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Hot Deserts and Arid Environments

Hot Desert: it is the driest biome. Some deserts, such as the Sahara, get less than an inch of rainfall in an entire year. To conserve water, desert plants have very tiny leaves or no leaves at all, transferring the work of photosynthesis to their trunks or stems. That’s why cacti have green “trunks.” Saguaro cactus is the state flower of Arizona, USA. Its thick stem with waxy skin and spines can expand to store water. Desert animals also have to deal with high temperatures and minimal water supplies. Typically, they are nocturnal, hiding out in burrows during the day to beat the heat. Some animals, such as the desert tortoise, go into “estivation” in their burrows during the hottest part of the year. Estivation is the desert version of hibernation when the animal’s pulse and breathing slow down dramatically so that they don’t need to use much water or energy. Click here to read more on Sahara

Click Here to look at the amazing photo gallery of National Geographic on Sahara desert

Your Tasks

Step1. Colour (yellow) the hot deserts of the world. Remember their names.

Step2. Superimpose Equator, Tropic of Cancer and Tropic of Capricorn on the blank world map.

Step3. Locate the hot deserts that you have learned on the map.  

Step 4. Identify the mountains creating Rain-shadow effect to each of your identified hot desert. Write the names of the mountain. 

Step 5. Write the names of oceans on your map. Identify the cold ocean currents near the hot deserts creating high pressure and thereby reducing the water vapour content in the air. 

Step 6. Draw the Hadley cell circulation on your map. 

Step 7. Explain rain shadow effect and adiabatic heating of the airmass using a diagram.

Note: Adiabatic heating occurs as a mass of air descends downslope from a mountain range towards the lower atmosphere. The  descending air encounters increasing atmospheric pressure. Compression of the air mass is accompanied by an increase in temperature. Descending airmass also warms up due to ground radiation.

Tasks:

Observe the above diagrams and maps, discuss in groups and try to answer the following questions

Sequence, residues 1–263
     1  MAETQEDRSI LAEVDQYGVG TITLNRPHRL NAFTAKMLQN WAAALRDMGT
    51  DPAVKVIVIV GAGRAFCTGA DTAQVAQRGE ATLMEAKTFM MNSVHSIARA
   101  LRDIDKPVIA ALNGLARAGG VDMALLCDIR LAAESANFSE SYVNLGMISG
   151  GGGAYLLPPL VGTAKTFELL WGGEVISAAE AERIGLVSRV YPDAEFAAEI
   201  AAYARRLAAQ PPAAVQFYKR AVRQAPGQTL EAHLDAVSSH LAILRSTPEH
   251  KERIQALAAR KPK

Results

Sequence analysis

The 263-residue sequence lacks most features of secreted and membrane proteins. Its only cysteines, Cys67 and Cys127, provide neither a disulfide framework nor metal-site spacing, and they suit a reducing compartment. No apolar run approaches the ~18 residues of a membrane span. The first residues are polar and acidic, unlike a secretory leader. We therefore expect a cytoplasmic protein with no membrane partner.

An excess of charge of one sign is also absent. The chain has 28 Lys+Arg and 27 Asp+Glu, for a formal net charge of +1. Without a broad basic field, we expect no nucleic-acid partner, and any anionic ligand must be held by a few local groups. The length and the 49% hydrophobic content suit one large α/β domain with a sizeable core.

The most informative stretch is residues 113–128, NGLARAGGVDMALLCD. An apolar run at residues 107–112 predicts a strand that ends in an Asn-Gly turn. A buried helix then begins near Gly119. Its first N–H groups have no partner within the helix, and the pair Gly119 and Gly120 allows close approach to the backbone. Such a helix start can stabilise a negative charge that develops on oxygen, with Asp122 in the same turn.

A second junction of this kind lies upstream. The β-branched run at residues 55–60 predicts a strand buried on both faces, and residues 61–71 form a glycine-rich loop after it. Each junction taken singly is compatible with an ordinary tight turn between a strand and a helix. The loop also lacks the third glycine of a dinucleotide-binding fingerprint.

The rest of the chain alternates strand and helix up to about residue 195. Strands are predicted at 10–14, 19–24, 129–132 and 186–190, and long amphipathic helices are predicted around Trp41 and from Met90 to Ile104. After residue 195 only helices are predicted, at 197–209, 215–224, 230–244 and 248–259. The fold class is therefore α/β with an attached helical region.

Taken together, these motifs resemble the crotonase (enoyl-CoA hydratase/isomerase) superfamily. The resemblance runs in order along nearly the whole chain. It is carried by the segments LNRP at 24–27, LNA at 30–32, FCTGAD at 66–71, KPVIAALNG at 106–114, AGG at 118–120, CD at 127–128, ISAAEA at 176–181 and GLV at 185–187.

QuestionsTerminologies/concepts to be used in the answerExtra references
State one similarity and one difference between the location of the Kalahari Desert and the location of the Namib Desert.Diagram based locational reference such as latitude (Tropic of Capricorn), Inland or coastal location, extension (using the scale)
Explain why the Namib Desert and the Great Australian desert do not receive much rainfall. 1. Close to Tropic of Capricorn (Hadley cell circulation and its impact).
2. High air pressure and Cold ocean current.
3. Descending air and increasing water holding capacity
4. Rain-shadow effects
5. inland-continental location and prevailing wind.
Why deserts, such as the Kalahari, have a high diurnal (daily) range of temperature?High diurnal (daily) range means: High daytime but cold night temperatures due to
1. Lack of clouds allow high insolation during day.
2. Lack of clouds allows heat to escape at night.
3. Inland so no moderating influence of sea.
On the given map, locate tropical rainforest (equatorial climate) using green color and the locations of the hot deserts using yellow color.

What do 'a' and 'b' signify on the given map?
Equator
Tropic of cancer and tropic of Capricorn
35 degree North and South of Equator
Refer to the given Climate graph of the Californian hot desert, describe the characteristics of the hot desert climate (refer to the statistics). State the average trend
Highest and lowest variations (mention the graph data with units)

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